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Blackwater Iraq Contract Renewed

State Department extends contract with private security firm for one year despite civilian killings.
 
 
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The US State Department said Friday it is extending its diplomat protection contract for private security firm Blackwater USA, despite the incident last September in which Blackwater guards killed 17 Iraqi civilians.

"I have requested and received approval to have Task Order 6, which Blackwater has to provide personal protective services in Baghdad, renewed for one year," said Gregory Starr at the State Department's Bureau of Diplomatic Security.

Blackwater is the most controversial of several private security firms tasked with protecting high-profile US officials and foreign dignitaries visiting Iraq.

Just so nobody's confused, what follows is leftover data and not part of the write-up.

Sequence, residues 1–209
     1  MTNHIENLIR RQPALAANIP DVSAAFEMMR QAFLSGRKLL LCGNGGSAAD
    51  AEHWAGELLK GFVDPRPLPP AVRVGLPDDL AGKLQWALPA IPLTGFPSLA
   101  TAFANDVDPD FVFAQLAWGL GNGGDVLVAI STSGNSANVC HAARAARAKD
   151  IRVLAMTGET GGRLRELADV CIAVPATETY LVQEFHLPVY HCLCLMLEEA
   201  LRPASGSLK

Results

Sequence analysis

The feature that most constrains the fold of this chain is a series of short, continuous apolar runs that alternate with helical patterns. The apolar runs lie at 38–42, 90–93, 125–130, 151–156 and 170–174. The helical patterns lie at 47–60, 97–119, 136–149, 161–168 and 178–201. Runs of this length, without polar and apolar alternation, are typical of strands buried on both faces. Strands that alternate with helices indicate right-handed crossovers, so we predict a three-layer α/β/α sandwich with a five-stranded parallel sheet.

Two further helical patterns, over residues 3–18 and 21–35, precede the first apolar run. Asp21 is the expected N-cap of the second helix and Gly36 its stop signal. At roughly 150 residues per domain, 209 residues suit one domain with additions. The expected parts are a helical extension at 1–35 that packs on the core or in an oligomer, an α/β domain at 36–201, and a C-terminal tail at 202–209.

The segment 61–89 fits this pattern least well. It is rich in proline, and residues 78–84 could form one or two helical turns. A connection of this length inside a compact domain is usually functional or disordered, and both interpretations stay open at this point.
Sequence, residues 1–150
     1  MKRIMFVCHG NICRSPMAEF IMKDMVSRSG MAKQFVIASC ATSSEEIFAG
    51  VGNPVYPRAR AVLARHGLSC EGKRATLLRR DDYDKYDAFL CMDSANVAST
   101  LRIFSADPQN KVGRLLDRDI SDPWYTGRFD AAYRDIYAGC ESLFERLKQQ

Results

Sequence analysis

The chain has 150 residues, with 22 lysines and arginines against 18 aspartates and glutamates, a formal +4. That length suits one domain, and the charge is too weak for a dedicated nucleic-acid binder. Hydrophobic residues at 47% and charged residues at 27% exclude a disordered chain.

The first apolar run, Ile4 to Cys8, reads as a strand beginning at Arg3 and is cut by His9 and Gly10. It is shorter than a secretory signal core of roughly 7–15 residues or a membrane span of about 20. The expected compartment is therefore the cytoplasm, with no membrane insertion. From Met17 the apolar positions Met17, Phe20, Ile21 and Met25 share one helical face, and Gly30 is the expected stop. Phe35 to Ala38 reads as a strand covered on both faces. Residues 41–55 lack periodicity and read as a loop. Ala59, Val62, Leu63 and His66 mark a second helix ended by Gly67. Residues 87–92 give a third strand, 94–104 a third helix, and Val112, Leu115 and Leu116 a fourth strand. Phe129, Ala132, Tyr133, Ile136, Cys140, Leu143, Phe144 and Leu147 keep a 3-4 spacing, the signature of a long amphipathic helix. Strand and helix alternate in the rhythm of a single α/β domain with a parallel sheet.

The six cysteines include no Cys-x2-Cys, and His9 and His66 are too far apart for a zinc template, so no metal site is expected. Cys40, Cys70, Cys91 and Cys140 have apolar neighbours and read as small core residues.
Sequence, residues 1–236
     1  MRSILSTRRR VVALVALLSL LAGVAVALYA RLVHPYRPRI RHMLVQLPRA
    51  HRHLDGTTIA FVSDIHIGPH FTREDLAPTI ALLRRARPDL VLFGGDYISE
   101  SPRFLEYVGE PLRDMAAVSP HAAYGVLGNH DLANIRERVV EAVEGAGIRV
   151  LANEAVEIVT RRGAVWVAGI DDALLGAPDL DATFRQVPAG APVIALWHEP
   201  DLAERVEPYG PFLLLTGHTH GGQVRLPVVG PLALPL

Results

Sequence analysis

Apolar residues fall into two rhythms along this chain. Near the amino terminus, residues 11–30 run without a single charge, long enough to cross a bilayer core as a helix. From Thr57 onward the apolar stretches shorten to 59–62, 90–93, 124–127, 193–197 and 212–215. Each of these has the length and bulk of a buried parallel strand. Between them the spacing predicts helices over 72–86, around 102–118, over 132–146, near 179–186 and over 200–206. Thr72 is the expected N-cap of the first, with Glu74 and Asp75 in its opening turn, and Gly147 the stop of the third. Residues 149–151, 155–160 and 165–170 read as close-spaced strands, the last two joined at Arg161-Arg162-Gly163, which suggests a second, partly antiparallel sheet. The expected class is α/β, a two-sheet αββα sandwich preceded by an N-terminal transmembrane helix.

Blackwater guards fatally shot 17 Iraqi civilians while escorting a US diplomat through Baghdad in a September 16, 2007 incident that the Iraqi government considers a crime. Blackwater claims its guards reacted in self-defense.

The company's contract was set to expire on May 7. It was renewed because Federal Bureau of Investigation agents have not yet concluded their inquiry into the September shooting, Starr said.

The US government, and especially US Ambassador Ryan Crocker, "will take a very close look at the FBI reports and then we will decide whether it is consistent with the US government goals and policies to continue the contract of Blackwater," said Starr.

Foreign security companies at present are not subject to Iraq law, but at the same time are not governed by US military tribunals, allowing them to operate without any repercussions for their actions.

 
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